Abigail with attitude: Financiers stray into sexual politics
Euromoney Limited, Registered in England & Wales, Company number 15236090
4 Bouverie Street, London, EC4Y 8AX
Copyright © Euromoney Limited 2024
Accessibility | Terms of Use | Privacy Policy | Modern Slavery Statement
Opinion

Abigail with attitude: Financiers stray into sexual politics

Increasingly however, bankers want to be seen as human beings and not as money machines. I was amused that even Lloyd Blankfein, the chief executive of Goldman Sachs, is keen to portray a cuddlier image. In March, Blankfein appeared on CBS’s evening news programme espousing the cause of gay marriage.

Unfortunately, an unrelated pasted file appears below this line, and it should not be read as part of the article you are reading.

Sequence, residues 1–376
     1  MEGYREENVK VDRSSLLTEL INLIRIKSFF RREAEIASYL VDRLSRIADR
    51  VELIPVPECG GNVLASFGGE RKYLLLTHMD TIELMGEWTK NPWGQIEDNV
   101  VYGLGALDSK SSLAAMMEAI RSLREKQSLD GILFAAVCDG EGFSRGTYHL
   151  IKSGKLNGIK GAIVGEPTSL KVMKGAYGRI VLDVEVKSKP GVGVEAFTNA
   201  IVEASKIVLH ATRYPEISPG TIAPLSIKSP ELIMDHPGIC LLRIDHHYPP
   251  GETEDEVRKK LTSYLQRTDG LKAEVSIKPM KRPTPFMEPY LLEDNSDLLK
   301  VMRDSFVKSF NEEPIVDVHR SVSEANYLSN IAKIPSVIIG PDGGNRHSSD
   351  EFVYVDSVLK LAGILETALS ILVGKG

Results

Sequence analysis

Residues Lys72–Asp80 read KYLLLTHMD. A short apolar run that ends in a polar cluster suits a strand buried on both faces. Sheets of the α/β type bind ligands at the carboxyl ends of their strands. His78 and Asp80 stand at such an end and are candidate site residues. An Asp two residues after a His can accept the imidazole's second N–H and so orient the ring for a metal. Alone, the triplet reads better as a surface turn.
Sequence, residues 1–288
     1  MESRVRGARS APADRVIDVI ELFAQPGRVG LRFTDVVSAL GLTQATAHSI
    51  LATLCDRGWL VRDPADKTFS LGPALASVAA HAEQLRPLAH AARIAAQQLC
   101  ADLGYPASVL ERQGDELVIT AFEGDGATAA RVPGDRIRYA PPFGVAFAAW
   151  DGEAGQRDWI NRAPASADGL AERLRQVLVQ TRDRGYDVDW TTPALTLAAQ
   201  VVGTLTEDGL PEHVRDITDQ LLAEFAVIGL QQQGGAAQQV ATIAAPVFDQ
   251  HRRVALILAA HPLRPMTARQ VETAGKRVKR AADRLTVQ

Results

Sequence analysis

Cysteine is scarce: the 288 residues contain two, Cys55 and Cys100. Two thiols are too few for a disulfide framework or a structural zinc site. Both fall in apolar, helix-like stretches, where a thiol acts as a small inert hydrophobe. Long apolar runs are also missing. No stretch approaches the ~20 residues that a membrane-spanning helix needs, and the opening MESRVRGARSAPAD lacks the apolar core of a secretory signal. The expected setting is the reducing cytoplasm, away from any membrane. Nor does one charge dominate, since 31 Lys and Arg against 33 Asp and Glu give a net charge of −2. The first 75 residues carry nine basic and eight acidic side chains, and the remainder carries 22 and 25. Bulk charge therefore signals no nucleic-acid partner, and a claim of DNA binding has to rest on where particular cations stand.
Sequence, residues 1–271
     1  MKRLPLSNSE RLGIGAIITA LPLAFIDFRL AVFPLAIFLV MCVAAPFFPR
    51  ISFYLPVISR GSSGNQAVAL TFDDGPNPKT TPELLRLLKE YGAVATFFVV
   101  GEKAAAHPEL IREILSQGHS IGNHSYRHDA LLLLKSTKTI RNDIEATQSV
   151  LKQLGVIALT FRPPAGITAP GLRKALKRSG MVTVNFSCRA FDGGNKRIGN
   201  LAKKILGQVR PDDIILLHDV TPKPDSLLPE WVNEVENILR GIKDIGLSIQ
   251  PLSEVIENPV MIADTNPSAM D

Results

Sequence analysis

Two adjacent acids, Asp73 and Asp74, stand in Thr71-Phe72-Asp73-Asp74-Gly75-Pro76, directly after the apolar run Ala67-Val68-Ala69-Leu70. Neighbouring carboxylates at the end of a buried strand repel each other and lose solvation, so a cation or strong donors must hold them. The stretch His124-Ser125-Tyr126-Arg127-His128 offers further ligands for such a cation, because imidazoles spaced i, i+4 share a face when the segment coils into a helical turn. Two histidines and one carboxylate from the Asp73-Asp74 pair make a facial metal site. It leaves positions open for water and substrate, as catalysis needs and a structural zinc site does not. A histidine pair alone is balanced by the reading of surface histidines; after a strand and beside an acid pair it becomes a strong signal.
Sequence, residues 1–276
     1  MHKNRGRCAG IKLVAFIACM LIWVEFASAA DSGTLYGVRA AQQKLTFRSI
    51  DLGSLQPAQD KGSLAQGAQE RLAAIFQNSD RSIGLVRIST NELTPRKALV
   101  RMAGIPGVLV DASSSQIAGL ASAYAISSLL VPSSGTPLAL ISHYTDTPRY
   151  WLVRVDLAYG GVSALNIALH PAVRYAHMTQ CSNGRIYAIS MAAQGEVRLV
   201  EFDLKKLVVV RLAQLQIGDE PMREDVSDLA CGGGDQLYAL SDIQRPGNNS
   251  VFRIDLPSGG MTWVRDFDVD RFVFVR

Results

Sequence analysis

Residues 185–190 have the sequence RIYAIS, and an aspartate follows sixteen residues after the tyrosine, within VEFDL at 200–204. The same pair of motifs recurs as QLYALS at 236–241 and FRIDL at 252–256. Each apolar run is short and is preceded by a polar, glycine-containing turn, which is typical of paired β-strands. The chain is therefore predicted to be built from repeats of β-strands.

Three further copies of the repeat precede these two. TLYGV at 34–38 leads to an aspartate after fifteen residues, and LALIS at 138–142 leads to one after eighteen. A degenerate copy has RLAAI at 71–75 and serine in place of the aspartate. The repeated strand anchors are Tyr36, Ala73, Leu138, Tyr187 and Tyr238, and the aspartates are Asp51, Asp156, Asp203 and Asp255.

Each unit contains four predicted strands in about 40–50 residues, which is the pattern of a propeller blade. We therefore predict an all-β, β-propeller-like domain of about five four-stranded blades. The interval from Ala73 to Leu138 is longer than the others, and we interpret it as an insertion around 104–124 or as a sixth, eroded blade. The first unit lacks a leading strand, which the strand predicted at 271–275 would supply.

“We are a big employer, [and] it’s a business issue as well as a civil rights issue,” he said earnestly. And then just to show that bankers can do empathy, Lloyd continued: “I know there are still people today who are living lives burdened by not being able to reveal who they really are and are living in a state of discomfort. That is really unfortunate and I feel sorry.”

Increasingly, bankers want to be seen as human beings and not as money machines. Even Lloyd Blankfein is keen to portray a cuddlier image

Loveable Lloyd has recently grown a stubbly beard and now resembles a cross between a hedgehog and an eccentric professor. But he is not the only financier straying into the area of sexual politics. I also noticed that Helena Morrissey, chief executive of Newton Investment Management and the mother of nine children, has been appointed by the British Liberal Democrat party to examine the party’s culture and processes.

Gift this article